There may be a reading revolution under way.
At least 7 million e-readers were sold during the holiday season.
Jamie Cook is one of the millions of people who unwrapped an e-reader for Christmas.
"For me, getting an e-reader came down to was I was out of storage. I read about a book a week and just didn't have room to store anymore," said Cook of Huntington.
He got a Kindle Fire.
Forrester Research estimates since November, Amazon sold 5 million Kindle Fires. Rival Barnes & Noble sold an estimated 2 million Nook Tablets.
And libraries across the state are seeing the fruits from those sales.
"Fully 10 percent of our circulation since August was in last week...after the Christmas and other holidays. Wow," said Mary Hogue, Library Services Manager for Reference Services at the West Virginia Library Commission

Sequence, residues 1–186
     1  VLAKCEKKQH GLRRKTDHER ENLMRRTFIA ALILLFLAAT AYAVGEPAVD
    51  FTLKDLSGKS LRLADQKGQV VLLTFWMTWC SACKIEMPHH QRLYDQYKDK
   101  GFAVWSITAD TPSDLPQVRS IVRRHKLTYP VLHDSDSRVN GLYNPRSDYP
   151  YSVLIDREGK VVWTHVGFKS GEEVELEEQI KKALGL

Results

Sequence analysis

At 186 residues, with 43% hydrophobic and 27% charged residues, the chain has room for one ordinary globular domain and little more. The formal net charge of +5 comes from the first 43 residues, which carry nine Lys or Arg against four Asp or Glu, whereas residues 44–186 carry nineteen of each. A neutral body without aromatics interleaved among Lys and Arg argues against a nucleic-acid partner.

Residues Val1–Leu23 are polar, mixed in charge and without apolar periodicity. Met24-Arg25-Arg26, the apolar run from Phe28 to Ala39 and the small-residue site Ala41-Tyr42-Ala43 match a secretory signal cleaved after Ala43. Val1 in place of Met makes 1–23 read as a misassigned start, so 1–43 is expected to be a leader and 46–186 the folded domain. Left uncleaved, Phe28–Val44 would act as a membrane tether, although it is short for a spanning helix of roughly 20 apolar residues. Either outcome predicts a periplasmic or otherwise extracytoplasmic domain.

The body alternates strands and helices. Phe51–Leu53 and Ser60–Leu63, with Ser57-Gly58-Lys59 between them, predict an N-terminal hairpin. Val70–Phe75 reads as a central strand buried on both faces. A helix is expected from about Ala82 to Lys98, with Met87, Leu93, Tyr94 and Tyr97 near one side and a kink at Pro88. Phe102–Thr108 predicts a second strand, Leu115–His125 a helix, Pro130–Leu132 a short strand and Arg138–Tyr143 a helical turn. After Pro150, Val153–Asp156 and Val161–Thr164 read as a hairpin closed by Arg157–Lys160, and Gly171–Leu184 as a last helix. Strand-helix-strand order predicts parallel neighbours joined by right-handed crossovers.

Hogue says they've taken about 50 requests from people just within the last week who wanted to sign up to check out e-books.
About 20-25 percent of those are books geared to young people.
"I don't know if it's a revolution or not because we're right at the edge of it and this is something so completely new," said Hogue.
And people are beginning to see this difference at shops like Moxxee Coffee in Charleston, where e-readers are freely available to customers to read while there.
"It cuts down on clutter. Normally, you have magazines and newspapers around. With these, we can have any magazine or newspaper we want," said T.J. Baldwin, owner of Moxxee Coffee.
Sales of e-readers do not include tablets like the iPad2.
While iPads also can download books, they are considered a multi-use electronic device, which do not have the glare-proof screen.
While print books still account for about 80 percent of the market, e-readers make it a great time to be a reader -- no matter where you are.